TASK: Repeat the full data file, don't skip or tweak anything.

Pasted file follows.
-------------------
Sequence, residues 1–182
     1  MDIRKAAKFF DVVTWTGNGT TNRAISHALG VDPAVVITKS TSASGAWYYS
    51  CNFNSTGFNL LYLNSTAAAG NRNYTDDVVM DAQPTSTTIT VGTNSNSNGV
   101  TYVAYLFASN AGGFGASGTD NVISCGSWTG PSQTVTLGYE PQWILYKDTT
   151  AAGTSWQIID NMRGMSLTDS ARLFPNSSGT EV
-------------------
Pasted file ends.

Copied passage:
Sequence, residues 1–182
     1  MDIRKAAKFF DVVTWTGNGT TNRAISHALG VDPAVVITKS TSASGAWYYS
    51  CNFNSTGFNL LYLNSTAAAG NRNYTDDVVM DAQPTSTTIT VGTNSNSNGV
   101  TYVAYLFASN AGGFGASGTD NVISCGSWTG PSQTVTLGYE PQWILYKDTT
   151  AAGTSWQIID NMRGMSLTDS ARLFPNSSGT EV